Infrastructure Bonds Are Better Than PPF

Updated: Jun 30 2002, 05:30am hrs
Our father had built a house in 1973. He died in 1997 and the house stood in his name. We are six brothers and sisters. Our mother and all of us now want to sell this house. It is learnt that for ancestral property, no registration stamp papers need to be bought for transfer of property from the name of the deceased to the names of his successors. Can we sell the house and can it be transferred from our fathers name direct to the purchaser What is the procedure The point is that we want to avoid the heavy expenses of transfer of house first in our names and then in the name of purchaser. Please advise.
K Goyal

The transfer of property to the successors on death of a person does not require payment of stamp duty. If your father has made a will favouring all of you, your mother and six brothers and sisters, there should be no problem in getting the property transferred to your names. I am afraid, you will have to get the house transferred in your names before selling it.

Mutual funds managers all over praise the benefits of systematic investment plan which works on the rupee cost averaging concept. Suppose I decide to invest Rs 10,000 per month in a scheme. Since the concept emphasises that regular investing works to the investors advantage, does it stand to reason that an investor would benefit even more through systematic investing if he invests Rs 2,500 every week rather than Rs 10,000 every month
Prabhu VA

Systematic or one time, there is no difference in earnings as far as pure-growth, open-ended, debt-based schemes are concerned. The schemes the fund managers are talking about are possibly equity-based schemes, NAVs of which fluctuate widely in sync with the equity market. The systematic investment can be profitable or not depending on the performance of the scheme. It is not logical to say that it will always work for the benefit of the investor.

As regards your suggestion of weekly contributions, to extend your argument further, it would be still better if one contributes daily.

Incidentally, I personally do not like systematic investment plans. These make you commit yourself for a certain prefixed amount of contribution at prefixed intervals. I like to invest your might, whenever you have investible funds in hand. A prefixed amount and the prefixed periodicity is not preferred by me.

1) Why do you prefer infrastructure bonds to PPF although the later being more secure and interest earned is totally tax-free unlike in infrastructure bonds.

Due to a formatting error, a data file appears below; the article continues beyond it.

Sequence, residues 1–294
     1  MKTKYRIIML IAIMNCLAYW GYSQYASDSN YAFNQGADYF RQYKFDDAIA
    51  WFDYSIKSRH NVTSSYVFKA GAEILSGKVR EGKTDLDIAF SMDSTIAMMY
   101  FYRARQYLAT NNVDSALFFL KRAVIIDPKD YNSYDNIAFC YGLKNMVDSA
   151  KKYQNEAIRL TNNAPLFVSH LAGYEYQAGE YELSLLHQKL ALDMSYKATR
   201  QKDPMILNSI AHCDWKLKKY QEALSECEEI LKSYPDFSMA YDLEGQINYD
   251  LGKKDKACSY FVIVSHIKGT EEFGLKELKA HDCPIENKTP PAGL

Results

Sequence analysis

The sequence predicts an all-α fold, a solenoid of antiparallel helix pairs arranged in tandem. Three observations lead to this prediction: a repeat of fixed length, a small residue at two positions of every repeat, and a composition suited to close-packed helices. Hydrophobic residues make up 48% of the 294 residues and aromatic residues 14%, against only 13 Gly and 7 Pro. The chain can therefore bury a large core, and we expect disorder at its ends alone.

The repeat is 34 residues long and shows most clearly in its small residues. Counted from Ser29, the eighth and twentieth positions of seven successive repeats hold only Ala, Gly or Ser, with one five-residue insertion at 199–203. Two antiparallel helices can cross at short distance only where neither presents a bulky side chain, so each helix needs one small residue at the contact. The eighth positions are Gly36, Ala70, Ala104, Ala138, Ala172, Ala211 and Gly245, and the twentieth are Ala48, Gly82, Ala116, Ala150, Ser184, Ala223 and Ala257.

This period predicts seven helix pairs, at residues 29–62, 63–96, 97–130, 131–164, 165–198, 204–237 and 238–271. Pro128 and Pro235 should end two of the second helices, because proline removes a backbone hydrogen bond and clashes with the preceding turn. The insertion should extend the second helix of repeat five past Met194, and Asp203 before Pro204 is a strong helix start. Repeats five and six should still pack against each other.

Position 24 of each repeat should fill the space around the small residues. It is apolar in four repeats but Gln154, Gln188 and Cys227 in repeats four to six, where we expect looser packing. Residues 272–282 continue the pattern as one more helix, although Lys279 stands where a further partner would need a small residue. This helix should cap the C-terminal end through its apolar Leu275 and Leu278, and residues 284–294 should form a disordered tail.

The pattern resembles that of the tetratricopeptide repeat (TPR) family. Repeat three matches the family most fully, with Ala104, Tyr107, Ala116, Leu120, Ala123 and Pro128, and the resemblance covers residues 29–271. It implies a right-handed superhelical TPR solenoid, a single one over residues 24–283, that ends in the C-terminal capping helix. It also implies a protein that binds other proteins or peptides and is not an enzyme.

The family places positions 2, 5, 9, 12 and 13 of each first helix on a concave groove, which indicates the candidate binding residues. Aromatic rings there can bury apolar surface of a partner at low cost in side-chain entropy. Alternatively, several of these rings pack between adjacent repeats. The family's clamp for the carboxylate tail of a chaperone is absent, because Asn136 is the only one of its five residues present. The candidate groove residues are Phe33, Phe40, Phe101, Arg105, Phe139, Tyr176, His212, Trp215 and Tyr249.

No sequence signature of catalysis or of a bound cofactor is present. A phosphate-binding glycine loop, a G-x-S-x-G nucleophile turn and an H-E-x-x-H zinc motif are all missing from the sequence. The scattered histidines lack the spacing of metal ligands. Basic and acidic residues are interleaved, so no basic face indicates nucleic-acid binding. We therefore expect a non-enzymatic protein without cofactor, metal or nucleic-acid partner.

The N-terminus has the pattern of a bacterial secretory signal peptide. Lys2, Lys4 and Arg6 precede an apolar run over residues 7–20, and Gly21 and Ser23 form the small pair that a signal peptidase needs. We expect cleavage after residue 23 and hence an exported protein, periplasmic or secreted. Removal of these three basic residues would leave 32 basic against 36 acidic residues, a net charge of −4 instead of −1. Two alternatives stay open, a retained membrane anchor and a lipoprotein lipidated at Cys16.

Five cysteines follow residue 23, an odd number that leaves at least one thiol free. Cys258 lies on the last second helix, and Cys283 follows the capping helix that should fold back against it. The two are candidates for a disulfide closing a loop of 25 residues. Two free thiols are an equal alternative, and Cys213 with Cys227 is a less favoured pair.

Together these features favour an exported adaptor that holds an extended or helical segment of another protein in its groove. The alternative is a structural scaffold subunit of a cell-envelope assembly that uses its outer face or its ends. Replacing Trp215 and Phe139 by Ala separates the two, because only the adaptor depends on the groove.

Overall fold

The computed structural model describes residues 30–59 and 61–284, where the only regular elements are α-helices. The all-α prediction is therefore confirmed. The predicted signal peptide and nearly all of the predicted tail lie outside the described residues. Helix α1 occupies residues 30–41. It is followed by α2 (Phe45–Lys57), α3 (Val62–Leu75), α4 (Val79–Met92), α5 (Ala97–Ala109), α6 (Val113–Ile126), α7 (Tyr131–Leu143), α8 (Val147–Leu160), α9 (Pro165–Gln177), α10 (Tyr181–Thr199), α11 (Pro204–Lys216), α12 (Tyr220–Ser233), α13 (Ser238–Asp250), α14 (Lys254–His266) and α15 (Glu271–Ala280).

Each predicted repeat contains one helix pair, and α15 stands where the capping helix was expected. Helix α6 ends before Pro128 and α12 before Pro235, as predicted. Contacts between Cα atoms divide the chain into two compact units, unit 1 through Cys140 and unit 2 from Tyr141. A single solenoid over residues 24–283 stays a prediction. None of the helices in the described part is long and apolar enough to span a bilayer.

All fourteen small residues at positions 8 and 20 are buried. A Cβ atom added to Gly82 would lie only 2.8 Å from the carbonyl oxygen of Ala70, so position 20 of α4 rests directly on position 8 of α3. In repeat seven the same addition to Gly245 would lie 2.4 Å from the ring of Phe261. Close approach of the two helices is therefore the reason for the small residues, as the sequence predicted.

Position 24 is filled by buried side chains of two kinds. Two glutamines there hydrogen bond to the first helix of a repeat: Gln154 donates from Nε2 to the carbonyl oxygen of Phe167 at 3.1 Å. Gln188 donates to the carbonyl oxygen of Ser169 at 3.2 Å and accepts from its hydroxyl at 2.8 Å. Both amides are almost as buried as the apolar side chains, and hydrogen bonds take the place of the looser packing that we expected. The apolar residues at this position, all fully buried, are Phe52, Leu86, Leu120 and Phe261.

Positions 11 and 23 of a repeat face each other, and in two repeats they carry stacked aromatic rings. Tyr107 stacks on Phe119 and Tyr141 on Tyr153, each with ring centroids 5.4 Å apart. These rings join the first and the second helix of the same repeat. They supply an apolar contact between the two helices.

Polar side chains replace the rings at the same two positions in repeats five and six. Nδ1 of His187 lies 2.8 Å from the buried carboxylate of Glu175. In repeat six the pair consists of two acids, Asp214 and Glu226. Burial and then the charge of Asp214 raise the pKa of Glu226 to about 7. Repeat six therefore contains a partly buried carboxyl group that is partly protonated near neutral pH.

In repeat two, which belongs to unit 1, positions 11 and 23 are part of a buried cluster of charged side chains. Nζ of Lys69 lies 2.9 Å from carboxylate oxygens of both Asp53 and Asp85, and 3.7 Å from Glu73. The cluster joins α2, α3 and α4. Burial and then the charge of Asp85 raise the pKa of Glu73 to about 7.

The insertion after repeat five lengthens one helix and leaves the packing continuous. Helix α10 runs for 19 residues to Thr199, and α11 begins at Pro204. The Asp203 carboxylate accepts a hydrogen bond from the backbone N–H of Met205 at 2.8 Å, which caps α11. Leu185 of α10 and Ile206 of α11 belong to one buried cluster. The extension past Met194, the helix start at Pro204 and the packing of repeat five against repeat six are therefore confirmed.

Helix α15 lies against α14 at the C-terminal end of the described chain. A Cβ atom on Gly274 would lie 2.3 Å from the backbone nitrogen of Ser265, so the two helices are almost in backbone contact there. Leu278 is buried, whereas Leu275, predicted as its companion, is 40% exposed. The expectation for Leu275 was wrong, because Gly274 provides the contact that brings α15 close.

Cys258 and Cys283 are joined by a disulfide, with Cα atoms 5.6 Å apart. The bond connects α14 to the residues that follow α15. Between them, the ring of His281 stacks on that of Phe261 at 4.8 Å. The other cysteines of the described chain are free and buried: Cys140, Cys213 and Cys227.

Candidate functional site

2) What is the maximum an individual can invest in PPF during a year
3) What is the taxable limit for instruments like infrastructure bonds, bank deposits etc, u/s 80L
4) Are there any other instruments besides PPF & RBI Relief Bonds whereby the interest earned is totally tax free
5) Say for example, I have invested Rs 2 lakh in RBI Relief Bonds. If I further invest Rs 4 lakh [ie Rs 2 lakh each in the name of my wife & major son (both are non-earning members)] with myself remaining the second holder in such further investment, will the interest on Rs 4 lakh be taxable

Zubin Kanga

1. The term of the infrastructure bonds is only three years. Even if the interest is lower than that of PPF, the tax rebate of 20 per cent (or 15 per cent) is spread over 3 years only which outstrips the return from PPF.

If you compare the break-even rates (equivalent fully taxable rate) of the 2 schemes you will realise that the bonds are superior to PPF.

2. One can invest upto Rs 60,000 in PPF accounts of self, minor child and HUF/AOP of which he is a member.

3. The aggregate limit for interest from ICICI/IDBI Bonds, Bank Accounts, NSC, NSS92 etc, is Rs 9,000 u/s 80L.

4. There are some bonds whose interest is tax-free; but those are available only for a short while. There are no open schemes like RBI Bonds or PPF.

5. You cannot invest more than Rs 2 lakh per year of your own money in RBI bonds. The interest from these RBI bonds is tax-free.

There is an NRO Account in India, in which interest from bonds is deposited. Can this amount be further invested in FD and small saving scheme such as NSC, PPF, MIS etc
I N Patel

Of course. It is your money which you had before becoming NRI. You have every right to invest it in any scheme which allows NRI to invest. I have a suggestion. Income from your original Indian assets has now become repatriable. You may arrange to do so if you so wish. Your bank should be able to help you to do so.

(The author may be contacted at Please indicate the source of the authors article, based on which the query is posed)